Google, parent Alphabet, announced on Tuesday that it will limit the kinds of questions its chatbot Bard and search generative experience can answer regarding elections. This restriction will be in place leading up to the 2024 U.S. Presidential election and will be enforced by early 2024.
Apart from the United States, several significant elections are anticipated in 2024, such as national elections in India, the largest democracy globally, and South Africa, among other places.
The large technology company mentioned that it will prioritize exploring the potential impact of artificial intelligence (AI) in serving voters and campaigns for these elections.
Meta and X in the Spotlight
Meta, the owner of Facebook, also stated in November that it will prevent political campaigns and advertisers in regulated industries from using its new generative AI advertising products.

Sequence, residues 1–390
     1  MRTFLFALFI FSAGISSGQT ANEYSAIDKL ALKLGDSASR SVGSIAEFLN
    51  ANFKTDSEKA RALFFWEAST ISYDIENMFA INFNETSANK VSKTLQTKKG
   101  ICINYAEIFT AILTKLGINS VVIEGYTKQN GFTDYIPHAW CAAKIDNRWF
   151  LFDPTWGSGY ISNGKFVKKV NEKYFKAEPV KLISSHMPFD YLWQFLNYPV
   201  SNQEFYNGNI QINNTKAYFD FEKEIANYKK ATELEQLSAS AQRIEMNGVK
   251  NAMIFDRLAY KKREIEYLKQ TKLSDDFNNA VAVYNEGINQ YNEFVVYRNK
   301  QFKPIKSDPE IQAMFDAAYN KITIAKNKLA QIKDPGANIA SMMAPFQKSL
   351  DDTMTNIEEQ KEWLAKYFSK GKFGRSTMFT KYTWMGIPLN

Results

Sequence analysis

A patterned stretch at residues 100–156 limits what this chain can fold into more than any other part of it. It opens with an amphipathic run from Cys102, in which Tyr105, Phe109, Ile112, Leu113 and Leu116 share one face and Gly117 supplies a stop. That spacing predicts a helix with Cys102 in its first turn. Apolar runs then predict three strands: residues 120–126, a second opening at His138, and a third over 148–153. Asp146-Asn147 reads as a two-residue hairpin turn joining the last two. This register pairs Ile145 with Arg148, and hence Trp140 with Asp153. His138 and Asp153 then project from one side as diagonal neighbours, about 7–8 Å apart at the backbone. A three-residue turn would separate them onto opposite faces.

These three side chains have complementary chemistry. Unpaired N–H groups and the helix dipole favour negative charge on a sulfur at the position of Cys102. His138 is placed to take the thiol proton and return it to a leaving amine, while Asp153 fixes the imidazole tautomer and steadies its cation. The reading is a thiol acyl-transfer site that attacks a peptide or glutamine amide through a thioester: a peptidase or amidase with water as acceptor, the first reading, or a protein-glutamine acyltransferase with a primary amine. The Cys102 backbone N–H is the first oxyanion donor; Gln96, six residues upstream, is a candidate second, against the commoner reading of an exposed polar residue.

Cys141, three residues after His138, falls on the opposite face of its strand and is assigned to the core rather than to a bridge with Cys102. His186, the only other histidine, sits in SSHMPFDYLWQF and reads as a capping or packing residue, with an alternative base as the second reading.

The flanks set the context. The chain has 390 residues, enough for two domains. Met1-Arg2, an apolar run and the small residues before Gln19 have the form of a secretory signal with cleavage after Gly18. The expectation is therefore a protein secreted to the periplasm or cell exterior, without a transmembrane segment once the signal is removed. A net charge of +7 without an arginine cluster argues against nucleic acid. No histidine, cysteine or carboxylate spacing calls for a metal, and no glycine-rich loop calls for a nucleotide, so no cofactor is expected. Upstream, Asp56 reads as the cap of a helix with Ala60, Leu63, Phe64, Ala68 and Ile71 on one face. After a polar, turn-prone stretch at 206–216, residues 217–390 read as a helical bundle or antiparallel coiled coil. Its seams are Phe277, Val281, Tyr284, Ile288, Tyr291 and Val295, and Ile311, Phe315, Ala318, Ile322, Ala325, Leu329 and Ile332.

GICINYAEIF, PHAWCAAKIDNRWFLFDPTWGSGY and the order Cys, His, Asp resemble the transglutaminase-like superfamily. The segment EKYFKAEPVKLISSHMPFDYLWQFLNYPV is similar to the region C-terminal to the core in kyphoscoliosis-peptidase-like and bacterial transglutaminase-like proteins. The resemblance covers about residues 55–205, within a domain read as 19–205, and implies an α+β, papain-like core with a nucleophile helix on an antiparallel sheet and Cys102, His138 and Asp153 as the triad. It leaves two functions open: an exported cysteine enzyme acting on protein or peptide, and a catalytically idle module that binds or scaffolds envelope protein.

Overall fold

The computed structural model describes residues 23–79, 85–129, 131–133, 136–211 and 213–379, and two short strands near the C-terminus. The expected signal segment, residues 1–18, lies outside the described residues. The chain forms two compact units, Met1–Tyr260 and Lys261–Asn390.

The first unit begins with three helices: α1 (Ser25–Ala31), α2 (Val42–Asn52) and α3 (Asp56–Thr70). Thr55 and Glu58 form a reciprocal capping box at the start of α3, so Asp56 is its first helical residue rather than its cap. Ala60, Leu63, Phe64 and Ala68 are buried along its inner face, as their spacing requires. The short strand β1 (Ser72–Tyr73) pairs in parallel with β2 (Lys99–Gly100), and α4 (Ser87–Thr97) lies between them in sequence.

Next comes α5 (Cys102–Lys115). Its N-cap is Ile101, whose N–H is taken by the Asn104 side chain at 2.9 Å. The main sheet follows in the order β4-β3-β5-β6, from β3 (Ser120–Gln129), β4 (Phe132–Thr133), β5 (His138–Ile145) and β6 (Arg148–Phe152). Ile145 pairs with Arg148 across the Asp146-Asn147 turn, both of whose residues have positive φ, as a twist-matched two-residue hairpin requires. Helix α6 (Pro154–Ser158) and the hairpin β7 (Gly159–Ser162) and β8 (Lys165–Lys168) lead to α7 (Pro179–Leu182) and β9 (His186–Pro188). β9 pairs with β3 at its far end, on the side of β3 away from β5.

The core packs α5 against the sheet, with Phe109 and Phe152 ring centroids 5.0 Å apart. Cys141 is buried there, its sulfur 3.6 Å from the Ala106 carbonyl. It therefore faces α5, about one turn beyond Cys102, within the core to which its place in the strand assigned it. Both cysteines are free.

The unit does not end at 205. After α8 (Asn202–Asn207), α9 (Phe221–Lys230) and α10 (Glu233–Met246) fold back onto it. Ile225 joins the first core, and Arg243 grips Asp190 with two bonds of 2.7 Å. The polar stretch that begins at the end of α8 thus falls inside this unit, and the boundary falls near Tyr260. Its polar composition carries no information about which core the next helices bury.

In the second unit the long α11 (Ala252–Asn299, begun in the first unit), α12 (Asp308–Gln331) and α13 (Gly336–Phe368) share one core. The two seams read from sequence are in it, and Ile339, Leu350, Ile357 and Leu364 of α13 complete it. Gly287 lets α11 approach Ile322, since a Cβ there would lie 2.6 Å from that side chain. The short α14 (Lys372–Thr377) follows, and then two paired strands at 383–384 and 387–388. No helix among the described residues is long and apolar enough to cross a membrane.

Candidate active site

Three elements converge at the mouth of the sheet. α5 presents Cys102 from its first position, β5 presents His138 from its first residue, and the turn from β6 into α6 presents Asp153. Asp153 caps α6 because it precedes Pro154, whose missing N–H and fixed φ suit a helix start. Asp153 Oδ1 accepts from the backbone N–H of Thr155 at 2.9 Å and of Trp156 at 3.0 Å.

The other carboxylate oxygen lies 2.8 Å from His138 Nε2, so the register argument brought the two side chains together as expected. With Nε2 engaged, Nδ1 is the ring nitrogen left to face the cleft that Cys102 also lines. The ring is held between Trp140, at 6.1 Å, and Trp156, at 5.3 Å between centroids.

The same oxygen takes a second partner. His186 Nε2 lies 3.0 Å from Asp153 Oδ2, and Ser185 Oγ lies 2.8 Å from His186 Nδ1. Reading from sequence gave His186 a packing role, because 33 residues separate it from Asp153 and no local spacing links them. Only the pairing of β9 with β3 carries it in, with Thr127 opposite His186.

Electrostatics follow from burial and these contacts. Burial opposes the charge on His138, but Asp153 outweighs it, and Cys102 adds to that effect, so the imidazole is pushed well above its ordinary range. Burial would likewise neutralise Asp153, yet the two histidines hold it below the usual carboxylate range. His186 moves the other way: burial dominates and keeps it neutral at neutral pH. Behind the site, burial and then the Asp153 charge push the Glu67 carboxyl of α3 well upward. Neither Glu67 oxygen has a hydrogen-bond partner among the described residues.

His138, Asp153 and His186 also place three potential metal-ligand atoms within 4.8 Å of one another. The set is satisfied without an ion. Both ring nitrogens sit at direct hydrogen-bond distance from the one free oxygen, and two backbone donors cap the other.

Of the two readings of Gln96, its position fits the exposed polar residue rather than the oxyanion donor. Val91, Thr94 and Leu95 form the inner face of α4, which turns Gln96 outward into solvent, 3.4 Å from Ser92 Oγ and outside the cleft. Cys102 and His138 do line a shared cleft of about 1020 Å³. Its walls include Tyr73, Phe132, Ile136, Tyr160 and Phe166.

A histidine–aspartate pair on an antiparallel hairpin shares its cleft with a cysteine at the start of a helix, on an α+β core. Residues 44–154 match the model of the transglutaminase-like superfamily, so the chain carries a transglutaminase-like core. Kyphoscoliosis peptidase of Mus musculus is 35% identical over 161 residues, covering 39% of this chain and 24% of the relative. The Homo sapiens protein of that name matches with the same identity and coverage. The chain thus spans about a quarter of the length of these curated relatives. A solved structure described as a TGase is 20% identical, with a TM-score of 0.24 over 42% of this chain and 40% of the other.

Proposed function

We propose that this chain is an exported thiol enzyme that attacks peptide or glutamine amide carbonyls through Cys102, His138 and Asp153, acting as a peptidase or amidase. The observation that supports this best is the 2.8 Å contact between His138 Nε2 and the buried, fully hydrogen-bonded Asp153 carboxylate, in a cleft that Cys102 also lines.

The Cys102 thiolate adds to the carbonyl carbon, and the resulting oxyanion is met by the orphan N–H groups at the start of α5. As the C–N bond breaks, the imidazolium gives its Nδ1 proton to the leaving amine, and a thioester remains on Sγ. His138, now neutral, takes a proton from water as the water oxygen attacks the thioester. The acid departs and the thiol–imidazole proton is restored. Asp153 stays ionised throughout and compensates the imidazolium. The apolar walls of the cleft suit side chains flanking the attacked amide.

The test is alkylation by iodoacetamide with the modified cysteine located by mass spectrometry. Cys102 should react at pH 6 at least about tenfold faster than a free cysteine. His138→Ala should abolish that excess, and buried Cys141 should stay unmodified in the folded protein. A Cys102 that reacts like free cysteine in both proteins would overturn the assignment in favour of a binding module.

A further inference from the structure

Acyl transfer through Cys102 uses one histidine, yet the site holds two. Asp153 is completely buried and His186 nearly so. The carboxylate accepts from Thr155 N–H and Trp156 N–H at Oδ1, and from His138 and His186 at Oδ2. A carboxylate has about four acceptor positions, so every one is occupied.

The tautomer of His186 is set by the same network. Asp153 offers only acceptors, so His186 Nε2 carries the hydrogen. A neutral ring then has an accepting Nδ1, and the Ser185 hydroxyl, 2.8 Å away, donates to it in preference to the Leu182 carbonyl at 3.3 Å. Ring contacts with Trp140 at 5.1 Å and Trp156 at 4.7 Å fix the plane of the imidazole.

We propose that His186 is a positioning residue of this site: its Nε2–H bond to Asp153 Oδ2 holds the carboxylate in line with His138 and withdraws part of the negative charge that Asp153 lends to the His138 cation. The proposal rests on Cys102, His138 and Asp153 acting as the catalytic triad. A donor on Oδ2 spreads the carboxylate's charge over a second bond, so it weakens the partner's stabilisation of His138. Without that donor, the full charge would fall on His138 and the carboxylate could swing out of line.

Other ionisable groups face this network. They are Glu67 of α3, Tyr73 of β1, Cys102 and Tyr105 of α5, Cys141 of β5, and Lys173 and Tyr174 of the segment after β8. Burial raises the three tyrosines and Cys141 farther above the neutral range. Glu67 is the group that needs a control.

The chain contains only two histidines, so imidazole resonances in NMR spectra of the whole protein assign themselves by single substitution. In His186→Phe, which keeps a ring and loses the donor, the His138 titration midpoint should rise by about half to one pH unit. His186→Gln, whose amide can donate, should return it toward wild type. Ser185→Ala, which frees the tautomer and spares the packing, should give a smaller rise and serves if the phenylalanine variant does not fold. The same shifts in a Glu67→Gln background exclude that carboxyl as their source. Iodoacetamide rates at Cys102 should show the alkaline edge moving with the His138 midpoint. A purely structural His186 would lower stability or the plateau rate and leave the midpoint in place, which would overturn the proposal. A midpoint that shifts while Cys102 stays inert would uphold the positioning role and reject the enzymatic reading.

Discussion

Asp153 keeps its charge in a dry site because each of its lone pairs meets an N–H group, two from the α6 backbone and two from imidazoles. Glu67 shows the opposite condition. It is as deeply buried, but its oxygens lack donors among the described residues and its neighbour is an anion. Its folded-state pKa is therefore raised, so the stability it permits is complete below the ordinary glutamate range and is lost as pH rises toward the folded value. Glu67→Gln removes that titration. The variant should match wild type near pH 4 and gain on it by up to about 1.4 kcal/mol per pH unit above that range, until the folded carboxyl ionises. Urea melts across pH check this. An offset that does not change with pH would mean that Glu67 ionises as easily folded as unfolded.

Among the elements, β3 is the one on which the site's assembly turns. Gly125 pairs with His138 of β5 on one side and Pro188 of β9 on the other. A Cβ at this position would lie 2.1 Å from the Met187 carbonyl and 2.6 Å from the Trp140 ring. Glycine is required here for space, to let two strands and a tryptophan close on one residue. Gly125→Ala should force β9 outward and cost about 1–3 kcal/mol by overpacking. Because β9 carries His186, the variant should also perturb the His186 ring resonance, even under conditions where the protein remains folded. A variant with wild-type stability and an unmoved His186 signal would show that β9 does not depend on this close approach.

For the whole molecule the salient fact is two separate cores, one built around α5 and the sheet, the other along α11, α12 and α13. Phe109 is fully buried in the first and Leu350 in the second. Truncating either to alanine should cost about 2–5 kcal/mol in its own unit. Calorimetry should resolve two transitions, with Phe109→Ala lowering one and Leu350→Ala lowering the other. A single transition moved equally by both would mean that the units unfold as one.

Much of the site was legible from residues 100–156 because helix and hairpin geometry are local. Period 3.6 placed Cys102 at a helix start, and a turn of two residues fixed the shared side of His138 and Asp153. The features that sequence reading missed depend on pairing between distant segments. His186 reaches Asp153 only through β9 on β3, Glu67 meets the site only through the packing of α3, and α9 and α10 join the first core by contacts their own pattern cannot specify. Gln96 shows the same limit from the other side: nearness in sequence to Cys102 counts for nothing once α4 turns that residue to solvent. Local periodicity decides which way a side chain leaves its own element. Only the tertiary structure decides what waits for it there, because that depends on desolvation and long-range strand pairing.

Meta’s advertisers must reveal when they employ artificial intelligence (AI) or other digital techniques to modify or produce political, social, or election-related ads on Facebook and Instagram.
In contrast, Elon Musk‘s social media platform X(previously known as Twitter), under investigation by the European Union, announced in August that it would permit political advertising in the U.S. from candidates and political parties. Additionally, it plans to grow its safety and elections team in preparation for the U.S. election.
Political advertisements have been prohibited worldwide on X since 2019.
Governments worldwide have been working to establish regulations for AI due to concerns about its potential risks, including the dissemination of misinformation.
Major technology companies will be subject to new rules from the European Union, requiring clear labeling of political advertising on their platforms. This includes information about who paid for the ads, the amount spent, and which elections are being targeted.
Major tech players like Google, Meta, and Elon Musk’s X are making significant changes in response to concerns about political advertising, AI use, and misinformation. With restrictions and disclosure requirements, they aim to navigate the complexities of global elections, reflecting the broader trend of increased scrutiny and regulation.